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Today's News

  • Declare Ashley Pond a common

    Dear Editor,

     I sat through the council’s Dec. 16 meeting twice (TV). My view: no one gives much thought to the whole. Council has not followed through with the “Trinity site” plan and the objector’s appear to be declaring that all the area between the four roads is sacred. Where is common sense!

  • Visit schools to get good look

    kDear Editor,

    Hey, should visit your local schools and see for yourself, the things that have happened over the last few years.  We at Barranca Mesa Elementary are thankful for our new boiler, so now we all have heat regularly. 

    Yes, we do have much more to do to get our run down schools up to where they need to be for safety and quality of education.  The tax rate in our community is so low that it is hindering us from doing many things within the community and actually I find it embarrassing. 

  • Council outlines state legislative priorites

      Legislators are off to a running start as they convene for a 60-day session next week. They are starting the session with a $450 million deficit staring them down. One of the topics during Tuesday night’s county council meeting was the state agenda.

  • Why should we ask why?

    There’s an old story about a philosophy professor who presented the students with a test asking a single question ... “Why?” 

    As the story goes, the only person who received an “A” was a student who submitted the answer, “Because.”  Another version of the story has the student answering, “Why not?”

    The story is of course a classic academic myth, a folk legend promulgated on the premise that philosophy defines its own worth and that the value of questioning the questions is itself in question. 

  • To raise or not to raise the issue

    The governor announced his budget proposal this week. It calls for some cuts and some increase in tax collections to balance the budget.

    He says he does not see the need for a tax hike.

    We wish him well.

    Does anyone really think the Legislature will go along with Richardson and cut education? They are perhaps the strongest lobby around.

    Cut education?

    His plan to hold the line on capital projects has a chance, but when it comes to each legislator’s particular project, when this idea is dealt one project at a time, can this idea really work?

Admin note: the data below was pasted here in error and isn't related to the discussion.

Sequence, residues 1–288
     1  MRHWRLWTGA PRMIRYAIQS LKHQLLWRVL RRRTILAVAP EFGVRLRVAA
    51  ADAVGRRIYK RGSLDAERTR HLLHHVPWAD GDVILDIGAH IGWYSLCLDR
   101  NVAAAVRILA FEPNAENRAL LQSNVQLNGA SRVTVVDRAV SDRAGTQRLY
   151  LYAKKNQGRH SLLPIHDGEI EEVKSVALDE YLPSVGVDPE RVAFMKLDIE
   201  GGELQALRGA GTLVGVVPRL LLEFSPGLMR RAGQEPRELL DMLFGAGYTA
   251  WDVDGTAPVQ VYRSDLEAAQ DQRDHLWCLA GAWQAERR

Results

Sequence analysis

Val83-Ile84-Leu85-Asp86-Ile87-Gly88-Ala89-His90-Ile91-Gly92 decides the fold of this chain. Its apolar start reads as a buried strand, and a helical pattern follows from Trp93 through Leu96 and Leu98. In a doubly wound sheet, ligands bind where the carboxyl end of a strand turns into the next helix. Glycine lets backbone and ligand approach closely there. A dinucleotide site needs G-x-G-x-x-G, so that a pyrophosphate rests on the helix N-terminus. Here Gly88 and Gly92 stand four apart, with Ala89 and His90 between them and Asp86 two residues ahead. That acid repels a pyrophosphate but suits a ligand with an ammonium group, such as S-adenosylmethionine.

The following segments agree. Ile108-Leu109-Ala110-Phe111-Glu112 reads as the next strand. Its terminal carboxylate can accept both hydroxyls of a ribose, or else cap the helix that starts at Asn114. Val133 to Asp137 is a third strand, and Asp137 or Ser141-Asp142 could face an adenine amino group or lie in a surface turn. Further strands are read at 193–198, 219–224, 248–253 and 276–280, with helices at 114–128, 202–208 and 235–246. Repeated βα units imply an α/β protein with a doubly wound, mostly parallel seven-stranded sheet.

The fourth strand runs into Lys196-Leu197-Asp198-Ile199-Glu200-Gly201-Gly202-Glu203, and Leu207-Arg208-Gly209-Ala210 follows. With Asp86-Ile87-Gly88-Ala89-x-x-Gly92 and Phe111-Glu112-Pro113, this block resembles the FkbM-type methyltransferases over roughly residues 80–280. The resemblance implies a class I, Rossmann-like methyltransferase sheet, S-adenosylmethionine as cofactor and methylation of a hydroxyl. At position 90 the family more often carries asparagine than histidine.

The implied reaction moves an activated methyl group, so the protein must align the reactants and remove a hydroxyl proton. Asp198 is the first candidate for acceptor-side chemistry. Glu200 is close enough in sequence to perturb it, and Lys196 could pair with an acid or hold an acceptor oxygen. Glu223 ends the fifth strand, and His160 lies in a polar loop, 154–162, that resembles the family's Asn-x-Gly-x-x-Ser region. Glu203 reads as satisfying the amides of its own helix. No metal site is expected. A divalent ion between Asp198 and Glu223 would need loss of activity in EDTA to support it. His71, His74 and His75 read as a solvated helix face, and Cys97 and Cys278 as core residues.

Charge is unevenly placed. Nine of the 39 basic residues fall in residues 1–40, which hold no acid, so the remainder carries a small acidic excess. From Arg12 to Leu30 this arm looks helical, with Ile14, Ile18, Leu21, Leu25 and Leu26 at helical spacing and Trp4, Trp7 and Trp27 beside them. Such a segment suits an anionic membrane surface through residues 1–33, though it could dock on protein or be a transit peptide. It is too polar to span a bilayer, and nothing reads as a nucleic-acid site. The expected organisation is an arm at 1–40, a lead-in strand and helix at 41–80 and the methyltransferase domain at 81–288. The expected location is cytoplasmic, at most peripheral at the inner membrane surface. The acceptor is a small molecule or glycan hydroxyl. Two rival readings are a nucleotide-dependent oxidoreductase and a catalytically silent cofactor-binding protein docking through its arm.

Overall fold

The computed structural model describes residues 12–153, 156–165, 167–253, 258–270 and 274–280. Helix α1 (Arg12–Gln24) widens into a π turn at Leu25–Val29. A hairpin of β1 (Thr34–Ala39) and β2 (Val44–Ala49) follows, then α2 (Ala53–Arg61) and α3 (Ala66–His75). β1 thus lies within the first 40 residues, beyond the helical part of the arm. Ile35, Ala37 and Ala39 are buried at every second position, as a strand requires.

• Sig Hecker and Bob Cowan honored

    Two hugely influential scientists received Los Alamos National Laboratory’s highest recognition.

     

    LANL Director Michael Anastasio bestowed the 2008 Los Alamos Medal on Siegfried S. Hecker and Robert D. Cowan in a ceremony and reception at the J. Robert Oppenheimer Study Center Thursday afternoon.

     

    Hecker, LANL director from 1986-1997, is now a professor and co-director of the Center for International Security and Cooperation at Stanford University.

     

  • New columnist joins the Monitor

    CAROL A. CLARK

    Dr. E. Kirsten Peters’ Rock Doc columns will appear weekly in the Monitor beginning Wednesday. Her columns are a service of the College of Sciences of Washington State University where she is director of Communications and Information.

  • Someone should tell what’s happening

    Tuesday night the school board was taken through the steps of the Trinity Place partnership between the school district and the county.

    Fair enough.

    Superintendent Mary McLeod and board member Joan Ahlers presented a slide show.

    Sounds good.

    Then Ahlers told the board that all the information presented is subject to change.

    What? It is here that we become lost.

    The vote on this project was, what, two years ago? The county is well along the way in building up the Airport Basin site in preparation of moving out of the Trinity Drive location.

  • More proof we have good schools

    In the midst of the current bond election there is some solid proof that we are producing some first-class students.

    In the current edition of U.S. News and World Report, where they rank high schools across the nation, three New Mexico schools were honored with silver medals.

    And Los Alamos High was one of those.

    In the report, “America’s Best High Schools,” more than 21,000 high schools were evaluated.

    They were graded on student performance and how well the schools prepare students for college.

  • Keeping Empty Bowls alive

    There are many people throughout the community who have talent beyond imagination.

    There are also those who couldn’t match their own socks without assistance. The good news is that if you reside anywhere on that spectrum, then there is a project for you.

    Self Help Inc., and its major fundraiser, The Empty Bowls Project, was in jeopardy of ending with the 2008 event, until Gillian Sutton of KRSN, AM 1490, stepped up to the ladle and the paintbrush to volunteer.